By Nate Tenopir, Sports Editor
After the 3-2 loss to Northern Michigan Saturday night, Matt White and Zahn Raubenheimer trudged into the press room disappointed. The Wildcats were a ranked opponent, but both players said the team expects to complete sweeps playing in their own building.
It hurt but it’s doubtful the pain lasted any longer than a few hours. Perhaps the opponent on the horizon provided enough motivation to refocus.
In 10 matchups over the last two seasons, UNO is just 1-6-3 against conference nemesis Bemidji State. The Beavers come to Omaha for a WCHA series Friday and Saturday at CenturyLink Center Omaha.
“Monday were gonna come ready for those guys,” White said. “That’s what we’re gonna play like. It’s gonna be a tough, tough week.”
Northern Michigan and UNO used to play all the time before the Mavs dropped their CCHA membership for the WCHA. After splitting the series last weekend in Omaha, the all-time series between the two teams remains tied 16-16-2.
At times the play on the ice was physical, but overall the series lacked the feeling that the two teams just don’t like each other. The players simply don’t have the experience to harbor much ill will
That won’t be the case this weekend, for the Mavs.
“I feel like we go week by week and it’s gonna start Monday,” Raubenheimer said. “We know their style of game, they know our style of game. We’re just gonna work Monday, Tuesday and go from there.”
The Bemidji State style of game is one that has been both suffocating and frustrating for UNO. In the series, the Mavs average 39 shots on the Beaver net but have scored just 2.2 goals per game.
The UNO power play is a dismal 6-for-48 (12.5 percent), and the Mavs have never beaten Bemidji State in Omaha.
Both schools joined the WCHA in 2010, but it was Bemidji State that provided the rude welcome. After starting the season 9-2-1 the Beavers appeared as just a blip on the radar.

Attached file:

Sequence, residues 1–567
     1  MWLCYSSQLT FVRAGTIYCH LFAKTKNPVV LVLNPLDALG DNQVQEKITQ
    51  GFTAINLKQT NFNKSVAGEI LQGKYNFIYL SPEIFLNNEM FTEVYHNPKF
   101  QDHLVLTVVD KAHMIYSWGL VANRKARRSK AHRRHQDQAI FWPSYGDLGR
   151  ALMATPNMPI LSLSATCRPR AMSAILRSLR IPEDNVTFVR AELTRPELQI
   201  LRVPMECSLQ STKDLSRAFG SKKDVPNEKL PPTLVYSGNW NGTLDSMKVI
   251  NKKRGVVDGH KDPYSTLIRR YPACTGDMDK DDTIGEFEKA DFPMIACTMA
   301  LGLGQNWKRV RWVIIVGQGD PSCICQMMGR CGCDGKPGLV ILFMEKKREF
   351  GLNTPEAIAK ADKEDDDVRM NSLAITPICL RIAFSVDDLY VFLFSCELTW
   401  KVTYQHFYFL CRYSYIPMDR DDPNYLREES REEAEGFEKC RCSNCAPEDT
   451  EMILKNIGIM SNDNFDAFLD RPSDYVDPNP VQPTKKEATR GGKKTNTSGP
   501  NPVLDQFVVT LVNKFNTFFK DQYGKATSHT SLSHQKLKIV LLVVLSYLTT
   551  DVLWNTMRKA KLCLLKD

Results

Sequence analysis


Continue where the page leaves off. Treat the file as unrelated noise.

Two months into the season UNO had swept at Minnesota, split at Michigan and earned their way into the top 10. The Mavs then traveled to Bemidji and scored only one goal in a 3-0, 3-1 sweep of the series.
Revenge was on the minds of UNO players five weeks later, but the best the Mavs could do was force a 2-2 tie on Friday then lose a 3-2 game in overtime on Saturday. As fate would have it, UNO won at Minnesota Duluth in the final game of the season to capture third place.
Third place meant a first round WCHA playoff series with none other than Bemidji State. The Beavers swept in Omaha 4-2, 3-2 and denied the Mavs a trip to St. Paul for the Final Five.
Things didn’t get much better last season. It looked like UNO had turned the tables when the Mavs went 1-0-1 in a November series at Bemidji.
But a tie was the best UNO could salvage in a February series at CenturyLink.
“We know what they did to us the last couple years and we let the younger guys know that,” White said. “We’re gonna be ready, it’s gonna be playoff hockey for us.”
Some of Bemidji State’s mastery of UNO could be attributed to goaltender Dan Bakala. Bakala was in net for all 10 matchups, allowing just a 2.20 goals against average and amassing a .943 save percentage.
His numbers against the Mavs are significantly better than his career averages. In 90 games, Bakala allowed 2.42 goals per game and stopped pucks at a .908 percentage.
“Bemidji’s a team that’s always tough,” Coach Dean Blais said. “It doesn’t matter how many shots we get at times, they’ve had our number. I think we kind of turned the tables a little bit last year. But certainly in the past it was Bakala playing so well and being the difference in the game.”
Thankfully for UNO, Bakala is no longer on the roster. The goaltender graduated last year and has moved onto a professional career with the unaffiliated Tulsa Oilers of the Central Hockey League.
In 2012, sophomore Andrew Walsh has been between the pipes for Bemidji State. In two games, Walsh is 1-1 with 0.51 goals against average and .984 save percentage.